Intraventricular tumours are fully or partly located in cerebral ventricles and often lead to retention of cerebrospinal fluid through relocation of cerebrospinal fluid pathways. Because of the expansion of ventricles they are later ideal for endoscopic access.
In relation to histology the spectrum comprises basically all kinds of tumours (giant cell astrocytomas, pineal tumours, ependymomas, germinomas, primitive neuroectodermal tumours, plexus papillomas, craniopharyngiomas, pituitary adenomas, cavernomas, lymphomas).
Fig. 1. Endoscopic image of ependymoma (A) and lymphoma (B). Microscopic image of plexus papilloma (C).
The majority of intraventricular tumours are noticed due to relocation of cerebrospinal fluid pathways with secondary hydrocephalus. It results in headaches, nausea, vomiting and in the chronic course also gait abnormalities, mental prostration and urinary incontinence.
Magnetic resonance imaging (MRI) with a dose of contrast agent is the examination of choice. The MRI examination takes place at three levels: assessment of tumour location and extent, assessment of disturbance of fluid passage (hydrocephalus), and also simultaneously access planning for the surgical intervention.
A: Magnetic resonance imaging (MRI) of a tumour in the third ventricle (pineocytoma) (arrows).
B: Tumour in the right lateral ventricle (neurocytoma) (arrows).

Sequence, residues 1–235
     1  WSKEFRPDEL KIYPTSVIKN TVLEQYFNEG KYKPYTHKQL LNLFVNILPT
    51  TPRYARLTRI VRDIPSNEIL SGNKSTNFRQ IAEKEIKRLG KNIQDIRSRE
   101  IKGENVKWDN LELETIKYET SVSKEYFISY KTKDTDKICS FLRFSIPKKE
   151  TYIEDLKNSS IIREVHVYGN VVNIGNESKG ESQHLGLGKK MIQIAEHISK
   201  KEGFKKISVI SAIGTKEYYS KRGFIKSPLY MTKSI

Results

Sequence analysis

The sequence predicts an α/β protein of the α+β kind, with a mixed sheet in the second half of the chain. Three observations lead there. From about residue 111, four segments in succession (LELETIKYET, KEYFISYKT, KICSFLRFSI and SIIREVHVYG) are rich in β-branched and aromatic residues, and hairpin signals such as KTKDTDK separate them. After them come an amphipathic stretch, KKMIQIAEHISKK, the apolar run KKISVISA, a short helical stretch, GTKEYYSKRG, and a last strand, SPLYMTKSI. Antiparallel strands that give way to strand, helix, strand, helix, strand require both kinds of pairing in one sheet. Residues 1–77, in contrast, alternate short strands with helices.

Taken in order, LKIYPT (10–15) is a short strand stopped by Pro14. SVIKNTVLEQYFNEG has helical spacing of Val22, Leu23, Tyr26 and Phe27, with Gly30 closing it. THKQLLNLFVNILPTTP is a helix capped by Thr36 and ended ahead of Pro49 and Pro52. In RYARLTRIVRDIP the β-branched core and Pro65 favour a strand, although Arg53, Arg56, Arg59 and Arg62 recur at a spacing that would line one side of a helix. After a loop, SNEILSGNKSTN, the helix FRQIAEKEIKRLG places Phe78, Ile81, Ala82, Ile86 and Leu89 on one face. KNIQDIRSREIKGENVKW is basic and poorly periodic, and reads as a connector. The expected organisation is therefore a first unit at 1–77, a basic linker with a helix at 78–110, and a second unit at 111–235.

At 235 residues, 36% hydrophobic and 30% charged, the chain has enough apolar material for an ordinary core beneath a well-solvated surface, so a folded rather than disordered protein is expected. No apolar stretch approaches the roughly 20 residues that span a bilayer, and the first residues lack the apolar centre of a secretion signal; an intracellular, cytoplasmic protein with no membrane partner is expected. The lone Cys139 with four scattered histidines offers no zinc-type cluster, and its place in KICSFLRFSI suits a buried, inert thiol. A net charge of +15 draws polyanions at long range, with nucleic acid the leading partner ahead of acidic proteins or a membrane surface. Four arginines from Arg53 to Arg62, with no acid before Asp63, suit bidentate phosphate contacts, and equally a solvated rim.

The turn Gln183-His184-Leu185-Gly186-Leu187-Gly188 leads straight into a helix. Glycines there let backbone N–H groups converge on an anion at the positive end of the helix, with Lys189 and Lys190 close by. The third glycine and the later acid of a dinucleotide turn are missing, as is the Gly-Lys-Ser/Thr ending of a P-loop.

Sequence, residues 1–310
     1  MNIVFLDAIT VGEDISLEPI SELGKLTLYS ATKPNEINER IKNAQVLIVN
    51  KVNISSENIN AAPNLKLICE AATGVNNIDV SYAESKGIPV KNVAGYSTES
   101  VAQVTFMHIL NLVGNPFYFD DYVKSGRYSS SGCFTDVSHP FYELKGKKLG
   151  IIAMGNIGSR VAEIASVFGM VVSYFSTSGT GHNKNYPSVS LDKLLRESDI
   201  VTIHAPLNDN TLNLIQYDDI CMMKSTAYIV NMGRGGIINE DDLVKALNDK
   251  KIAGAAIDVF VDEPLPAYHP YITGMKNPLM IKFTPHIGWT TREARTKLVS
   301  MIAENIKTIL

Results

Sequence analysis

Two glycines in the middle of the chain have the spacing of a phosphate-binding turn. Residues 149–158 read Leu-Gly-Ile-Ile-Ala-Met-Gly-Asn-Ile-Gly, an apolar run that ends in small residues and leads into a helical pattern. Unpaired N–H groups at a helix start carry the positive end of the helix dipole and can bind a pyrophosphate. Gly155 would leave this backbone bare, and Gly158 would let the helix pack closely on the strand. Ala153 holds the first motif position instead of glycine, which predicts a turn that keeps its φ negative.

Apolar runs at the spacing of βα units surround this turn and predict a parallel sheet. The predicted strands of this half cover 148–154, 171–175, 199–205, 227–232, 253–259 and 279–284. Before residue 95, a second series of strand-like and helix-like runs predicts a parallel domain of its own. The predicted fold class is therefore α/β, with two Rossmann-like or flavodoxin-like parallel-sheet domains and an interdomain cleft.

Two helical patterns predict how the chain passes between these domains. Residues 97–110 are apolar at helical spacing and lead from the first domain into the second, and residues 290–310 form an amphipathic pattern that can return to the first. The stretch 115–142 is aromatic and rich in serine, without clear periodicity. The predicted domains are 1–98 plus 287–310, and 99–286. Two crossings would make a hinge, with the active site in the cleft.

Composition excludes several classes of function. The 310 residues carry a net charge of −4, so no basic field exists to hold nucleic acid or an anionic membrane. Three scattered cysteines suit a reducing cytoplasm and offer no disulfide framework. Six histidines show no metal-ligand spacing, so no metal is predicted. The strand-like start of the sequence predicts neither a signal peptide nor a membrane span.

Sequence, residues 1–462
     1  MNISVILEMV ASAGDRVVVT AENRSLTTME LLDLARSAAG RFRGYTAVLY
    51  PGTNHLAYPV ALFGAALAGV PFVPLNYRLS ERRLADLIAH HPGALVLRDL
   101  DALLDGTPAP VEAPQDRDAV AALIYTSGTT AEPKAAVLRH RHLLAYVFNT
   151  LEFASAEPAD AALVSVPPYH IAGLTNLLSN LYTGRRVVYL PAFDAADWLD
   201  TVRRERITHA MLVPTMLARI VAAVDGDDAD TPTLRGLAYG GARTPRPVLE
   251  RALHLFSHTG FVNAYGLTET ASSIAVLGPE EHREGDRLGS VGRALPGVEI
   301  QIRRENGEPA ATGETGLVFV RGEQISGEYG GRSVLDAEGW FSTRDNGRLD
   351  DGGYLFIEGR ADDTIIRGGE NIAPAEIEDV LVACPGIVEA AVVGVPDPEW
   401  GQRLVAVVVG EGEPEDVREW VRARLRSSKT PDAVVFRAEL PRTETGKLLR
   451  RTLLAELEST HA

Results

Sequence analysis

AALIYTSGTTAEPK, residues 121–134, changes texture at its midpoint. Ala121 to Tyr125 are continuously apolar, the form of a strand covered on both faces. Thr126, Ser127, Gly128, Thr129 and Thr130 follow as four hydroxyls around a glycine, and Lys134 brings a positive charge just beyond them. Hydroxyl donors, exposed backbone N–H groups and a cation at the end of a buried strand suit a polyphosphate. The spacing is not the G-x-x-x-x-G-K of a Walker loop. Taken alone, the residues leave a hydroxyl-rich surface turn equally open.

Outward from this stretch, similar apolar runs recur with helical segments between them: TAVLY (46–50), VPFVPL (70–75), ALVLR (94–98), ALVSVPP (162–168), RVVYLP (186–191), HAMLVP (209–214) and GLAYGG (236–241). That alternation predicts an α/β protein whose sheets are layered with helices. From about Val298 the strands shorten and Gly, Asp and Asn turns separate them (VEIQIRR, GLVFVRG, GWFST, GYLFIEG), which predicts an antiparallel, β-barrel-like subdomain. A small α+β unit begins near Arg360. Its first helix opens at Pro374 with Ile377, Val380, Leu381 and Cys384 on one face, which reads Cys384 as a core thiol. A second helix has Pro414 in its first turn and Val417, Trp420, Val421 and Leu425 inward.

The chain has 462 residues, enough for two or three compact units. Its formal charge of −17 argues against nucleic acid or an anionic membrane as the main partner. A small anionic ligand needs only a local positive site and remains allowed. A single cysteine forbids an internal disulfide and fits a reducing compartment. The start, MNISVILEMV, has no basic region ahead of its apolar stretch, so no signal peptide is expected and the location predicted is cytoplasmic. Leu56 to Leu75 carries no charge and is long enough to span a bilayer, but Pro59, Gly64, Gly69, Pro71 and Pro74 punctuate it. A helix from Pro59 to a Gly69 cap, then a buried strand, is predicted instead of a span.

C: Tumour in the fourth ventricle (haemangioblastoma) (arrows).
In most intraventricular tumours complete removal is the therapy of choice. Since the majority of these tumours are benign, no further actions have to be taken. By removing the tumour the cerebrospinal fluid circulation is usually restored. In malignant tumours radiotherapy and/or chemotherapy takes place after the surgery. Whether a microsurgical or endoscopic surgical technique is applied depends on the size and kind of tumour, tumour location and width of ventricles. In the case of some tumours only the retention of cerebrospinal fluid is at first endoscopically treated and a sample from the tumour is taken. After having histological diagnosis further therapy (surgery, radiotherapy or chemotherapy) is decided on.
An 8-year-old girl presented with seizures and headaches. The MRI examination showed a tumour in the left lateral ventricle. Since the ventricles were very narrow, the tumour was microsurgically completely removed under neuronavigation control. It was a giant cell astrocytoma. The patient has been after surgery without neurological deficits. The headaches resolved.
A: The MRI shows the contrast enhancing tumour in the left lateral ventricle.
B: After division of the corpus callosum one can recognize the grey-red tumour (arrows).
C: The MRI 1 year after surgery shows complete tumour removal.
The 49-year-old patient was admitted due to headaches, nausea, vomiting and disturbances in equilibrium. The MRI examination showed a tumour in the posterior part of the third ventricle with relocation of the aqueduct (connection between the third and fourth ventricle) and retention of cerebrospinal fluid (hydrocephalus). Since the ventricles were very wide and the tumour was small, purely endoscopic surgery was carried out. The video shows the entire endoscopic removal of the tumour (ependymoma) via an 8 mm large borehole. By the surgery the tumour was removed and the disturbance of cerebrospinal fluid circulation was eliminated. Postoperatively the described symptoms resolved completely.